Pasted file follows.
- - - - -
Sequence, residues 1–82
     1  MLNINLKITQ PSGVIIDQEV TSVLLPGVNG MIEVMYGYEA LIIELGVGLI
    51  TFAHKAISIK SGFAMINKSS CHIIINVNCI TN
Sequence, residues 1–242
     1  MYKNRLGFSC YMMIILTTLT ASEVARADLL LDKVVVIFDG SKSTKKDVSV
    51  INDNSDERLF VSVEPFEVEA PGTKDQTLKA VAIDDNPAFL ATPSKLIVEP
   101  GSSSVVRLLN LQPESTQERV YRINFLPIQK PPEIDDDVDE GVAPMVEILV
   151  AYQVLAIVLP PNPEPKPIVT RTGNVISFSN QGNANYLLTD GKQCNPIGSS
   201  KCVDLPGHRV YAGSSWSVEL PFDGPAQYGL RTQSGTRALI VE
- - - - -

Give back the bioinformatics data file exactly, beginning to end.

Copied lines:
Sequence, residues 1–82
     1  MLNINLKITQ PSGVIIDQEV TSVLLPGVNG MIEVMYGYEA LIIELGVGLI
    51  TFAHKAISIK SGFAMINKSS CHIIINVNCI TN
Sequence, residues 1–242
     1  MYKNRLGFSC YMMIILTTLT ASEVARADLL LDKVVVIFDG SKSTKKDVSV
    51  INDNSDERLF VSVEPFEVEA PGTKDQTLKA VAIDDNPAFL ATPSKLIVEP
   101  GSSSVVRLLN LQPESTQERV YRINFLPIQK PPEIDDDVDE GVAPMVEILV
   151  AYQVLAIVLP PNPEPKPIVT RTGNVISFSN QGNANYLLTD GKQCNPIGSS
   201  KCVDLPGHRV YAGSSWSVEL PFDGPAQYGL RTQSGTRALI VE